Buffalo, meet Broadway. Or, at least, Eighth Avenue, home of the New York Times, which this week published an admiring story that spreads the good word about Buffalo’s ongoing revival.
And not just Buffalo. While the story spends time on the SolarCity project, the Buffalo Niagara Medical Campus, HarborCenter and Larkinville, it also takes note of the reuse of the old Bethlehem Steel site in Lackawanna and the establishment and expansion of Yahoo in Lockport.
In Buffalo, we know things are different today. Now, so do the New York Times and its millions of readers.
Could there be better free publicity for Buffalo? Fuggedaboudit.
The good news about the news about Dr. Seuss is that it really is good news. For those who were disappointed – scandalized, really – about “Go Set a Watchman,” Harper Lee’s myth-breaking sequel to “To Kill a Mockingbird,” there may have been some trepidation at reports of a new book by the good doctor, otherwise known as Theodor Geisel.
Relax. “What Pet Should I Get?” is very much in the smiling style that millions of young readers of all ages have come to expect when Dr. Seuss is at play.
It’s a fine curtain call, but as to the question at hand, we would like to suggest that you could get a dog.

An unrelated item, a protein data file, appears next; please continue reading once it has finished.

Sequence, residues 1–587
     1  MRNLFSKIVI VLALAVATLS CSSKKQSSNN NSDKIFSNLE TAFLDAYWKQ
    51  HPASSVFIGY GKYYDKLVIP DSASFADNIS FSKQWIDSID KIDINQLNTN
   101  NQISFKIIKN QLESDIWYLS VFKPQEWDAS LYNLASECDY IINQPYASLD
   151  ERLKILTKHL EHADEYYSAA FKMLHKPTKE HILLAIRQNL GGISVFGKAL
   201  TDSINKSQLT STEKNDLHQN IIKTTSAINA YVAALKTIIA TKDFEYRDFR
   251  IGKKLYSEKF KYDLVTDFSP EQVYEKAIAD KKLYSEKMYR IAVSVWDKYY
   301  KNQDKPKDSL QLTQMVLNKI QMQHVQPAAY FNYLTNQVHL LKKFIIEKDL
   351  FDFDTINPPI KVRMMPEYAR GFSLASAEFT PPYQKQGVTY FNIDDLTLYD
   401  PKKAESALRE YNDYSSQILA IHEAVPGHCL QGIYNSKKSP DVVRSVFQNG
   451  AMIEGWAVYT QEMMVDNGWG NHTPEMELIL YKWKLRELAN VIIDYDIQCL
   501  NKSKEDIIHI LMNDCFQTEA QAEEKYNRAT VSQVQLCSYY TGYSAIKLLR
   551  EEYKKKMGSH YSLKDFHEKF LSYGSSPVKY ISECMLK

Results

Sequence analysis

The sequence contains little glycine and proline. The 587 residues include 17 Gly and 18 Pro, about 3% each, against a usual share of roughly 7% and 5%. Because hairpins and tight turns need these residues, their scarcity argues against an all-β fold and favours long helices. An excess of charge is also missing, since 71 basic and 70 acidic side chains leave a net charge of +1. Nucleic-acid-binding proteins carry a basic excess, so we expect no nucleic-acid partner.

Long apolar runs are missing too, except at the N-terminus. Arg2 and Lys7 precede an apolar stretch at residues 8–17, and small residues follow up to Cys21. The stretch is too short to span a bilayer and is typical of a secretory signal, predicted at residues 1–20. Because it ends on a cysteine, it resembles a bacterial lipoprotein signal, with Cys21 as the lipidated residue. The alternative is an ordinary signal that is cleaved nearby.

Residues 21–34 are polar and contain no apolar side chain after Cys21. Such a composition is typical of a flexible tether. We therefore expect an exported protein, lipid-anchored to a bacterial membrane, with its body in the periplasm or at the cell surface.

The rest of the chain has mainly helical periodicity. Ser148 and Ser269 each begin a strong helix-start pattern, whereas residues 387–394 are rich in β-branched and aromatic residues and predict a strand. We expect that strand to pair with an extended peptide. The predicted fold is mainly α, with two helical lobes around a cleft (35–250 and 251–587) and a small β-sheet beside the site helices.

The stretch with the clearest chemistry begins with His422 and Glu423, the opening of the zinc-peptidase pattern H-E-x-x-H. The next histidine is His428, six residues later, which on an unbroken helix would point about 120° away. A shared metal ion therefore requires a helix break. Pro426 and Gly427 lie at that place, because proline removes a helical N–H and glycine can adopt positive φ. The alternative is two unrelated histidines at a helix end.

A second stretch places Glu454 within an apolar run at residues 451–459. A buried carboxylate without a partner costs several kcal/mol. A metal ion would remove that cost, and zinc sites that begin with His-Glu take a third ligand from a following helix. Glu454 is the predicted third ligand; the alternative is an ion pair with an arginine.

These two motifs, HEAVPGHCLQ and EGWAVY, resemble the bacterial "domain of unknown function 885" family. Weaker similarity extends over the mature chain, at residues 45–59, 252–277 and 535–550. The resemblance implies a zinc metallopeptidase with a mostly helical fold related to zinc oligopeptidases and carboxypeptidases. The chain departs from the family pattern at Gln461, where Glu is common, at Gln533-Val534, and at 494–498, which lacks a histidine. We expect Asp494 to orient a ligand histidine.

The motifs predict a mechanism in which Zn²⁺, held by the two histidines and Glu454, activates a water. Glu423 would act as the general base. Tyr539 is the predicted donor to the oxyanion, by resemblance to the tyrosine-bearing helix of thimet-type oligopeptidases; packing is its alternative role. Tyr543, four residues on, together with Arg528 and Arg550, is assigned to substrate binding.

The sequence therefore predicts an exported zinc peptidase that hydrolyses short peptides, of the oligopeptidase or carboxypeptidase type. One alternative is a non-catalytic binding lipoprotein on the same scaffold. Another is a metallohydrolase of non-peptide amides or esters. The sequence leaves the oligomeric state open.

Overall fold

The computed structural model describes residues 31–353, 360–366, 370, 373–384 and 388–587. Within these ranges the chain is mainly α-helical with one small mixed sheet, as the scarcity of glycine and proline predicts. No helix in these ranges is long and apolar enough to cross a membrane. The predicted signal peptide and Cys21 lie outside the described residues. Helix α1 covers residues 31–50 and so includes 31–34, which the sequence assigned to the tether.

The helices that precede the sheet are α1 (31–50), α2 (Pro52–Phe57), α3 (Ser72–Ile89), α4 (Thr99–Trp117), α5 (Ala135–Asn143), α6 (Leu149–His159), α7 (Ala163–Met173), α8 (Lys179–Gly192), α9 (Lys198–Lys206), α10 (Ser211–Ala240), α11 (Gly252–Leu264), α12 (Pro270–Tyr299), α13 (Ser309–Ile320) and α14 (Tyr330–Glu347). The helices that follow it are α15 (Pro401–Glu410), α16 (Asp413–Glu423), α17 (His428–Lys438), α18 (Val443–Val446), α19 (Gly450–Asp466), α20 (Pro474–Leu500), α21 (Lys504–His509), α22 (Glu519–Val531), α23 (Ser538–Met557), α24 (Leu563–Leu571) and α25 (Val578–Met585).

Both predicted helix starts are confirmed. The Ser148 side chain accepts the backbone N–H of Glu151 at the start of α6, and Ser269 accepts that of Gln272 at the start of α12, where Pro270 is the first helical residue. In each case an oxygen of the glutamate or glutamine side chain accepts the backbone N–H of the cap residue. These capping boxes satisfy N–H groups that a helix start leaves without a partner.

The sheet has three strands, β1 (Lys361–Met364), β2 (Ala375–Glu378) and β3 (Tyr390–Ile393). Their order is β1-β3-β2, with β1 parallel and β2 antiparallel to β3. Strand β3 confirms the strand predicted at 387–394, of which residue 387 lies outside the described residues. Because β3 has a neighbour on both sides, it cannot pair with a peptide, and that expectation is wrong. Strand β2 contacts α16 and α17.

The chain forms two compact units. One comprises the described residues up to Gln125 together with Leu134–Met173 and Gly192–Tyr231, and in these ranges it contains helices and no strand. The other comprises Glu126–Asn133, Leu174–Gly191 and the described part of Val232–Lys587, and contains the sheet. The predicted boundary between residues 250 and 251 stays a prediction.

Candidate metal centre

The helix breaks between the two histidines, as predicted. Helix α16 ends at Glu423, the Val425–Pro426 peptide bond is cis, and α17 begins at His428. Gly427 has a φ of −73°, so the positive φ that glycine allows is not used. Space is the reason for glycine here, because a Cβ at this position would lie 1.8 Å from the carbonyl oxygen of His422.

Or a hog on a log. Or maybe a bat or even – dare we suggest it? – a cat in a hat.
It sounds funny, and perhaps in some limited, demented sort of way, it is. But reports of Internet-connected cars being hacked and controlled by strangers is nothing to laugh it.
Horns unaccountably blaring in the middle of the night is one thing – that happened five years ago in Texas – but what happens when hackers can remotely turn your steering wheel, interfere with your brakes or just turn the car off?
That is already possible, and it portends future problems, unless government and the auto industry get more serious about security.
More good news: An Earth-like planet has been found in the habitable zone around a sun-like star. It’s about 60 percent larger than the Earth – lots of room for big egos – and, in space terms, doesn’t seem too far away: only 1,400 light years.
But here’s the important question: Is it too soon to begin thinking about who could be the first American sent there on an important mission to explore the planet and simultaneously bring some calm to the Earth? And is there anyone who didn’t immediately think of Donald Trump?